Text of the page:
Q: In Florida are the grantor and grantee the same person in a ladybird deed?
Can the remainderman be the grantee if an enhanced life estate is reserved to the grantor as the life tenant?
In a ladybird deed (enhanced life estate deed) in Florida, the grantor is typically the person transferring the property and retaining certain rights, such as the right to live on the property for their lifetime. The grantee, on the other hand, is usually someone who receives the property upon the grantor's passing.
The remainderman is the individual who gains ownership of the property once the life tenant (grantor) passes away. It's possible for the remainderman to be the same as the grantee if the grantor chooses to transfer the property back to themselves with enhanced rights and name the remainderman as the same person.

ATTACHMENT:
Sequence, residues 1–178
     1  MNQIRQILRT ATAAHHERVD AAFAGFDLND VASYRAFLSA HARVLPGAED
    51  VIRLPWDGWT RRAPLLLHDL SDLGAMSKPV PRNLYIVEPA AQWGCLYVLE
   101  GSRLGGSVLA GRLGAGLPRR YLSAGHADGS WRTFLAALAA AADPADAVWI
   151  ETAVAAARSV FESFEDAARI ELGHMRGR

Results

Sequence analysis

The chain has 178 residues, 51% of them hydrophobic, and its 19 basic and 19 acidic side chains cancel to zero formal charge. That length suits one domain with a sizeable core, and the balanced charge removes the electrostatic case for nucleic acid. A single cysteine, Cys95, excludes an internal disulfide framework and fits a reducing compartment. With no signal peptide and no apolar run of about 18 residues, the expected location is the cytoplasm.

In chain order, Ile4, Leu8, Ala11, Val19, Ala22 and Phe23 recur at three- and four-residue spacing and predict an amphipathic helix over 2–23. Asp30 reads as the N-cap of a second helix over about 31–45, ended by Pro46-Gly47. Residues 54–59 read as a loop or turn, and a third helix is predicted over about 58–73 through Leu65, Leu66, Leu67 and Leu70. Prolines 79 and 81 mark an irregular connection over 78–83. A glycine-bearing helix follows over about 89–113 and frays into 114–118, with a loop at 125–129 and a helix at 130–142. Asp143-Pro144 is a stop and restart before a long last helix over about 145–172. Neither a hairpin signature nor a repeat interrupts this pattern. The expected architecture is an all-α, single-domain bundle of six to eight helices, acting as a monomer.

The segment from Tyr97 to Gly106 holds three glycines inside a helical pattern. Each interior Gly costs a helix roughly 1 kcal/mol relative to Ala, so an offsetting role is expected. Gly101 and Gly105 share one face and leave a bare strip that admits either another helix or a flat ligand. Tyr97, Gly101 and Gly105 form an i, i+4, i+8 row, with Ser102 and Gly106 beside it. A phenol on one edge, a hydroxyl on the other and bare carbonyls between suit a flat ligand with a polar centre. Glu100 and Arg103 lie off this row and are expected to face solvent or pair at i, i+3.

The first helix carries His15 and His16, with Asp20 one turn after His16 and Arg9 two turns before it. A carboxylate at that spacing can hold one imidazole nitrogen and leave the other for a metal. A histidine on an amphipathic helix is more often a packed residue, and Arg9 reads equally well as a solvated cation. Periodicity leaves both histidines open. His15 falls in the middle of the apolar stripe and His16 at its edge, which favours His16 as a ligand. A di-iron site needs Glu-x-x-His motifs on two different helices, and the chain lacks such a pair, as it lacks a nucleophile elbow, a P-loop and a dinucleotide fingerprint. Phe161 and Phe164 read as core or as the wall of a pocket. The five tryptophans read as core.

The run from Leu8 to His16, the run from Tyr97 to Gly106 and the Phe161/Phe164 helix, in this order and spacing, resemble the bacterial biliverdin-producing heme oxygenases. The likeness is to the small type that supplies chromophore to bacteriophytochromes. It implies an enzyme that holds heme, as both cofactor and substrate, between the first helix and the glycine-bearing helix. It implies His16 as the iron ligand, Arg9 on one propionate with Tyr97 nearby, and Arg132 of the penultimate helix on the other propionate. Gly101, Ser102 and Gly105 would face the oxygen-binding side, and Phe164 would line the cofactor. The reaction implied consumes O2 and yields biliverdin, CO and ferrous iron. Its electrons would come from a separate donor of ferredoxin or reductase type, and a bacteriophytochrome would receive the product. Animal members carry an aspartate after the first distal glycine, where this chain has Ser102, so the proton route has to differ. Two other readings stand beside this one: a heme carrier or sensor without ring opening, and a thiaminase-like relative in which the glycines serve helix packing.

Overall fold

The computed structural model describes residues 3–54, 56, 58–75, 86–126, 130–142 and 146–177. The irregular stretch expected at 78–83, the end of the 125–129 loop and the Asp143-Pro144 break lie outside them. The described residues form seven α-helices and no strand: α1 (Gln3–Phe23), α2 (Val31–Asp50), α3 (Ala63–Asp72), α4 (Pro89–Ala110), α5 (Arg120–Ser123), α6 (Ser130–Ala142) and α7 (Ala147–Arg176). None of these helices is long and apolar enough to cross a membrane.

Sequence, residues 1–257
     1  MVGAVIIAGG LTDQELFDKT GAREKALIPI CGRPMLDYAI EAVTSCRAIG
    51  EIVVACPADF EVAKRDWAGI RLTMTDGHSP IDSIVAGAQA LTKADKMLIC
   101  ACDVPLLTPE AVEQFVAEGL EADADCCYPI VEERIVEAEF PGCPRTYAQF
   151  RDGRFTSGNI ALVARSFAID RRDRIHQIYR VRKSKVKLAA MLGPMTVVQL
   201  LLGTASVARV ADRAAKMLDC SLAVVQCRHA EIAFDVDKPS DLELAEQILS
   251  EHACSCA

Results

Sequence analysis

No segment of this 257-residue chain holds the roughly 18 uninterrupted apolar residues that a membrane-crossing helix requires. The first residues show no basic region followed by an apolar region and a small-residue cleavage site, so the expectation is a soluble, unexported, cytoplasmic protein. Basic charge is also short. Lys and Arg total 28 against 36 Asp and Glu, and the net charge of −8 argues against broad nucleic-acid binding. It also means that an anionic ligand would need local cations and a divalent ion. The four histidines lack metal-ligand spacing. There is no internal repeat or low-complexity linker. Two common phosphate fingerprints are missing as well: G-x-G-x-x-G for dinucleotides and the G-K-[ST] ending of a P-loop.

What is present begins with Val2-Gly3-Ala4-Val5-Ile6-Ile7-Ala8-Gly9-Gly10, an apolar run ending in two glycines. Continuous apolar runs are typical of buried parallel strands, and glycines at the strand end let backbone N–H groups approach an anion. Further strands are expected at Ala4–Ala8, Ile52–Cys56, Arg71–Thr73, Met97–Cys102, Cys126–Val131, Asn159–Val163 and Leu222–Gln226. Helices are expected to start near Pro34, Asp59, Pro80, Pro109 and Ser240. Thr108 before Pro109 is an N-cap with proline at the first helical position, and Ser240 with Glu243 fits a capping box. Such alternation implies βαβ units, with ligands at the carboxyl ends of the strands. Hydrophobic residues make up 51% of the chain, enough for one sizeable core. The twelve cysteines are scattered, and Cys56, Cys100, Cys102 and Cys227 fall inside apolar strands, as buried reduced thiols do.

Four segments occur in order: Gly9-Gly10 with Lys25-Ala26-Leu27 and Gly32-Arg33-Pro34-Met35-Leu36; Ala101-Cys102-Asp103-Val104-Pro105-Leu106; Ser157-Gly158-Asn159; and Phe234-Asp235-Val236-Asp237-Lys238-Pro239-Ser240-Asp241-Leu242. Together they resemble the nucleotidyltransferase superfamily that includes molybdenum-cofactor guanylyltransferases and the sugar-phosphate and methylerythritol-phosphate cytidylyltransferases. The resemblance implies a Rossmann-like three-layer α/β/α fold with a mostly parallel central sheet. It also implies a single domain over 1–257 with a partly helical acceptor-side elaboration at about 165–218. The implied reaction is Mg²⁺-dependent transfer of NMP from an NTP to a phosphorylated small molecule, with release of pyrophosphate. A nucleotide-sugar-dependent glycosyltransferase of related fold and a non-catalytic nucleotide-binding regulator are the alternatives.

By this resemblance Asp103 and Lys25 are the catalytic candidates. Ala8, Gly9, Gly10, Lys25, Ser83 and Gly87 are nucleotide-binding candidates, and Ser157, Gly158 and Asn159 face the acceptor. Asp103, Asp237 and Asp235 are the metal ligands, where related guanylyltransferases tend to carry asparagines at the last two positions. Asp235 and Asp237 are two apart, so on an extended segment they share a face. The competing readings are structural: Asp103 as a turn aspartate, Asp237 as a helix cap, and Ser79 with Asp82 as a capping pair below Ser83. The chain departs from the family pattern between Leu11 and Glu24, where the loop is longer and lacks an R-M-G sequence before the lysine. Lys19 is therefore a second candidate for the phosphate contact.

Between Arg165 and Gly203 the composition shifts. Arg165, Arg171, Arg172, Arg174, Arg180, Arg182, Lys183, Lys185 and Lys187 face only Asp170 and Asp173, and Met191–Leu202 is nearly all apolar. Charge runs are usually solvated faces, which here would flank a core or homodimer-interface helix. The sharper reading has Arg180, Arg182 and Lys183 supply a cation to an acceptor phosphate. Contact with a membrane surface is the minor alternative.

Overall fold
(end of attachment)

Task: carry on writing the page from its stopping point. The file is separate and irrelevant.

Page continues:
A: It is important that deeds are prepared correctly. If you are in doubt, please work with an estate planning or real estate attorney to prepare your deed. That being said, to answer your question in general, the homeowner is the grantor, and both the homeowner, as to a life estate with certain retained powers, and then upon the death of the life tenant, the remainderman, are grantee.
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